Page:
By SEAN ROWLEY
Following a behavioral incident involving his child, a parent has expressed concern about oversight of students at Hulbert Elementary School.
A.J. Robinson, parent of an 11-year-old boy awaiting a possible diagnosis of ADHD, contacted the Tahlequah Daily Press last week, saying his son was able to roam the building for an hour on Sept. 30 and steal $400 from another student’s backpack.
“I’m not trying to make excuses for the kid,” Robinson said. “What he did was wrong. I’m wondering how he was gone for an hour and the school didn’t realize he was gone.”
The student is in an individualized education program. Robinson said the school was unaware of the theft until the child was seen giving the money away at the end of class.
“He has impulse problems, for sure,” Robinson said. “But the school knows about that. They have cameras in the halls, but I was told the cameras weren’t working. I haven’t gotten an explanation of how this happened.”
Hulbert Superintendent Marilyn Dewoody said it is illegal for a district to comment directly about an individual student or any disciplinary action, but did discuss school policy in general.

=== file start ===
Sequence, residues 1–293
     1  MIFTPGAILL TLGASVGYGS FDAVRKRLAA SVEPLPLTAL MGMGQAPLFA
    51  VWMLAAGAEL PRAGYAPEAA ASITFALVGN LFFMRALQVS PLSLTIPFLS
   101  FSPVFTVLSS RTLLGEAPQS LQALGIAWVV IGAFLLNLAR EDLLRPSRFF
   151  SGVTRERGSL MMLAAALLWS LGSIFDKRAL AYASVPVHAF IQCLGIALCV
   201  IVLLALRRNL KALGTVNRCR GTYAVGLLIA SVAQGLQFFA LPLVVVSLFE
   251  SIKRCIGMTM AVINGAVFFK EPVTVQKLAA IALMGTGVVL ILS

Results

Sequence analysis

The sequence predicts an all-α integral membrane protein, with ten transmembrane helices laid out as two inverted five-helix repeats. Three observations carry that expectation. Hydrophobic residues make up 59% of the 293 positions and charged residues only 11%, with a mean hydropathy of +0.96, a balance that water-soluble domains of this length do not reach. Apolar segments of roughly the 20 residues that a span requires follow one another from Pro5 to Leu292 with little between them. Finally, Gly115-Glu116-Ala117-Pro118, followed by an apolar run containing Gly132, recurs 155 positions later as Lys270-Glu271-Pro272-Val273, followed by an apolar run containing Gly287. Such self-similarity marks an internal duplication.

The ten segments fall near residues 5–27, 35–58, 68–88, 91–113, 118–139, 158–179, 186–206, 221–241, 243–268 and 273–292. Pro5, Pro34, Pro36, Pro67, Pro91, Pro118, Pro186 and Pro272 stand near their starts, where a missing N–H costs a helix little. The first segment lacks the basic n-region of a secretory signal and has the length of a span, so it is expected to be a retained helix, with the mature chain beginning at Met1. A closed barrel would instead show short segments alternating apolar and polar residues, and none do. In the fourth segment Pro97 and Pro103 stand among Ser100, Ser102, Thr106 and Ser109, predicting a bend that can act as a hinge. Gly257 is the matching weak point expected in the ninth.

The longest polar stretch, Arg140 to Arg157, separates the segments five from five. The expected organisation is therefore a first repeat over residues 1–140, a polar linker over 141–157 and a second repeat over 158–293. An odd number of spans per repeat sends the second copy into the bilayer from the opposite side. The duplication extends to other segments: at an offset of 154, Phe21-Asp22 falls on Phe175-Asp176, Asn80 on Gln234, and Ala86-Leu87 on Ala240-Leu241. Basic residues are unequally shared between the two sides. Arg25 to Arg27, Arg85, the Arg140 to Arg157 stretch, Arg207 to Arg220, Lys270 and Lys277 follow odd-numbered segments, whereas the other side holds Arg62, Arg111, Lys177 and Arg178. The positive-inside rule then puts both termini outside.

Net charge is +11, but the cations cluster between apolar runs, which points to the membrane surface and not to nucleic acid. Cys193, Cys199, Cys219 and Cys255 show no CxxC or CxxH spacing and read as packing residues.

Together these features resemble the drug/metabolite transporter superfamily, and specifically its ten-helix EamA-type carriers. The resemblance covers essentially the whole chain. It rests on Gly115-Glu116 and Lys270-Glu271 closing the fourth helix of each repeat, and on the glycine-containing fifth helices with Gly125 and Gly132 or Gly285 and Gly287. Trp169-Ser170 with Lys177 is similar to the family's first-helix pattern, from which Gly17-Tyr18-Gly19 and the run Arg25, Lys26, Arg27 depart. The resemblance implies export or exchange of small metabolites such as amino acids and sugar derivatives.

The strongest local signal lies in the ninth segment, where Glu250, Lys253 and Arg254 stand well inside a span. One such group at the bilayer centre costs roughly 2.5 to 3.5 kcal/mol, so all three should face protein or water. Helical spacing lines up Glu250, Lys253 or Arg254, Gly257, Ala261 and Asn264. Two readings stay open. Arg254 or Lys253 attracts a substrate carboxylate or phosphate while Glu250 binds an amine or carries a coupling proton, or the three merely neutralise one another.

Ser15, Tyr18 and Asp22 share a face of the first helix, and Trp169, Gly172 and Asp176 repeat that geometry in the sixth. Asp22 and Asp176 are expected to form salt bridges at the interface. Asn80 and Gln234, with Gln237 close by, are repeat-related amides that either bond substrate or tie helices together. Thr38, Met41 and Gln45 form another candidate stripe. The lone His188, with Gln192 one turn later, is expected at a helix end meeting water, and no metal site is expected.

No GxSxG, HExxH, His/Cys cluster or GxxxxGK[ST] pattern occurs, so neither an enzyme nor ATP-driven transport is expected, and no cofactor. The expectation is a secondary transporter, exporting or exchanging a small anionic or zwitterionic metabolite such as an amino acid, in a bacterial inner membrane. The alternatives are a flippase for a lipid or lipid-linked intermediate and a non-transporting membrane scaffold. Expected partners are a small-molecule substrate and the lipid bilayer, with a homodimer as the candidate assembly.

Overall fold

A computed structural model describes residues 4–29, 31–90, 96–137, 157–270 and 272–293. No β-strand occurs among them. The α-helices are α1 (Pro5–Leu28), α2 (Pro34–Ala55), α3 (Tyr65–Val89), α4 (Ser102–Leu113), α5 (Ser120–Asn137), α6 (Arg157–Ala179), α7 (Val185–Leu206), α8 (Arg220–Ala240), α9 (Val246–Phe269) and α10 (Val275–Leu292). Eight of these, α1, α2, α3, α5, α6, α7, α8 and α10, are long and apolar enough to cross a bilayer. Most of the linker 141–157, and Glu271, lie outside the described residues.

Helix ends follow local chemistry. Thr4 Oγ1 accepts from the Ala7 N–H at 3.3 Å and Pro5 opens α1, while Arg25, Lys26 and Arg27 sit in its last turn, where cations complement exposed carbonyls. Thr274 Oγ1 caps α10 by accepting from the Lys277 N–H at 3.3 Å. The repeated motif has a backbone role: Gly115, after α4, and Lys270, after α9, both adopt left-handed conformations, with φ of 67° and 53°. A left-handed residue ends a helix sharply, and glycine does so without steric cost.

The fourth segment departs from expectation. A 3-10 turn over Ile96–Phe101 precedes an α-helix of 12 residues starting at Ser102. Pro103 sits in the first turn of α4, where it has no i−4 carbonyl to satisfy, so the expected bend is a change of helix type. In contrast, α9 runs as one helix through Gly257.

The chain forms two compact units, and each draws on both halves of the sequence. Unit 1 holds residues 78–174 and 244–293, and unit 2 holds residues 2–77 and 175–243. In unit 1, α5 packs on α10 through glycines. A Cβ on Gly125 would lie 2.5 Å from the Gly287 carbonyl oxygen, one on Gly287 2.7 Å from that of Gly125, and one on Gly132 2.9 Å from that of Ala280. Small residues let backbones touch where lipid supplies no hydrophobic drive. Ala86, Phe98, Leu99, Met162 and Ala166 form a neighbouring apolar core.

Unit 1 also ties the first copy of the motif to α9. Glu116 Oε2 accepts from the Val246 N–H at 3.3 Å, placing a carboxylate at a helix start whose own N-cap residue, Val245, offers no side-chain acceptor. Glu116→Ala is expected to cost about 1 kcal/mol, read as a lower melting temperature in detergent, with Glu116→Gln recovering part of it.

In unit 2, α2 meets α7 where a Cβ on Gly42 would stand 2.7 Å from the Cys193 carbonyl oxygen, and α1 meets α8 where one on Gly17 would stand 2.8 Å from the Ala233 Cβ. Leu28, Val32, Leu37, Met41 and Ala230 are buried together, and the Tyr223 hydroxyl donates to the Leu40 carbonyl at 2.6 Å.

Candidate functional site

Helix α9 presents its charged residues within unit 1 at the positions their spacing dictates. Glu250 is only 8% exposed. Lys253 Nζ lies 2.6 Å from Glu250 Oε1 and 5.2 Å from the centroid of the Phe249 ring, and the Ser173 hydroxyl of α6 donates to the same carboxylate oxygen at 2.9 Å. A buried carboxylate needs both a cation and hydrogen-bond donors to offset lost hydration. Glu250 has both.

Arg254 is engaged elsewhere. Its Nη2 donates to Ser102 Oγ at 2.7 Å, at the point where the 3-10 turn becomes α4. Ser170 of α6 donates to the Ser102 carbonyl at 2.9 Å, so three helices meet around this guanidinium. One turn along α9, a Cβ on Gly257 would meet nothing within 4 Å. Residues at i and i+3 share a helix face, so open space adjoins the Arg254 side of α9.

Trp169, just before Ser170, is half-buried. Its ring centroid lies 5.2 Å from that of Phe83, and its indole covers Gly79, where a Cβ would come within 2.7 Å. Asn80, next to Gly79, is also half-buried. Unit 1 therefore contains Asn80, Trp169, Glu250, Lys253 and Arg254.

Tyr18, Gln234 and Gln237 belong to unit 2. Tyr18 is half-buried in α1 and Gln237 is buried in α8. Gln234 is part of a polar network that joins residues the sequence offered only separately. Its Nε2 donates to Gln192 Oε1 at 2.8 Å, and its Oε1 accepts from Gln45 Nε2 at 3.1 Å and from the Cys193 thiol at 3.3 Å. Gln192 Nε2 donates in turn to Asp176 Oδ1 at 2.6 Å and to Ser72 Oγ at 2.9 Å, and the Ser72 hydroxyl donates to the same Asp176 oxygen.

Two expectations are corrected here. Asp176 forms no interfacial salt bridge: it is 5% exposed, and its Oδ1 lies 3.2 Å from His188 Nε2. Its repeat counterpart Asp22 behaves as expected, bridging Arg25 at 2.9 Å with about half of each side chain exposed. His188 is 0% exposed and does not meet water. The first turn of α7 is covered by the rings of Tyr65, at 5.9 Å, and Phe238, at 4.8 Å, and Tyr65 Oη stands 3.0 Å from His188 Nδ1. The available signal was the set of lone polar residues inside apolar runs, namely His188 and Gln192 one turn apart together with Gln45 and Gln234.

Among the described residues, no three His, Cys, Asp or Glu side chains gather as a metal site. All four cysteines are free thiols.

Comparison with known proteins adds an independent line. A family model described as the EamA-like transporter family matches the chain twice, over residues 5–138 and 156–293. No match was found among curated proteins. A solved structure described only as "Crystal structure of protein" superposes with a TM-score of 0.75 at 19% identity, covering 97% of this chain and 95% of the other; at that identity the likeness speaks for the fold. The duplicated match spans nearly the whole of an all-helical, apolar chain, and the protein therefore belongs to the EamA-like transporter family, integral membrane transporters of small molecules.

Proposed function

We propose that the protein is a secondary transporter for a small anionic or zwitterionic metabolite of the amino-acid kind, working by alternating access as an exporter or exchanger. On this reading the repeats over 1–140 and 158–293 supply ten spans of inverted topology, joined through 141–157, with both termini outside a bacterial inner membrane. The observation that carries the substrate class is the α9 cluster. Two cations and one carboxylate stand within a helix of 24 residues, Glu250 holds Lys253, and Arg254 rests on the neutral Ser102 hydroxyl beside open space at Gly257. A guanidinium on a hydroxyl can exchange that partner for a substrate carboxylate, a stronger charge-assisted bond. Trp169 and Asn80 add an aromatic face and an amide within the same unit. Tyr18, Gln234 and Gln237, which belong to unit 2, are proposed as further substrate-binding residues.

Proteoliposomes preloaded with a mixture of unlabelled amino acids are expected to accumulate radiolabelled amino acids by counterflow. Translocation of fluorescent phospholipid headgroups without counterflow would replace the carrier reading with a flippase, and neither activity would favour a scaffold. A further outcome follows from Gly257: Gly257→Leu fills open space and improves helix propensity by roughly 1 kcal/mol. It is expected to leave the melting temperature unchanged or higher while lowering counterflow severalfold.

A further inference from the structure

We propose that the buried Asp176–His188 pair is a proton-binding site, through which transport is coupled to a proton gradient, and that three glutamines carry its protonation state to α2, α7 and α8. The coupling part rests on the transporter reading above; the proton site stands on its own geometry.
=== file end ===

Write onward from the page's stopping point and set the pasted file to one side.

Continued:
“We check attendance each hour, but students are allowed to go to the restroom and things like that,” she said.
“It might be possible for a student to step out of class for a period of time.”
Dewoody said a teacher who is busy might not be able to leave the classroom to look for a child.
“It also may be that the teacher is trying to be lenient,” she said. “An example is that a stomach virus has gone around the school recently. In that situation, a student often wants to use the restroom when nobody else is in there. The teacher can let the child have the extra time.”
However, lenience doesn’t give a student license to roam the halls, Dewoody added.
“We take attendance very seriously,” she said. “We follow our school handbook when dealing with inappropriate behaviors. In the case of truancy, a student usually enters in-school suspension for a few days. We don’t like them to be out of school, so we don’t use out-of-school suspensions except in cases of very severe behavior.”
Robinson said his child “cut class,” but did not specify whether it was before or after the class session started. He expressed frustration that his son is facing a Wednesday date in juvenile court, which he believes might have been prevented if the boy’s absence had been detected.
“I feel like the school doesn’t want to take responsibility,” he said. “Everything is fine if the kids behave, but as soon as a kid acts up, they don’t want to deal with it. I just want a true explanation of how my kid got out of class for an hour.”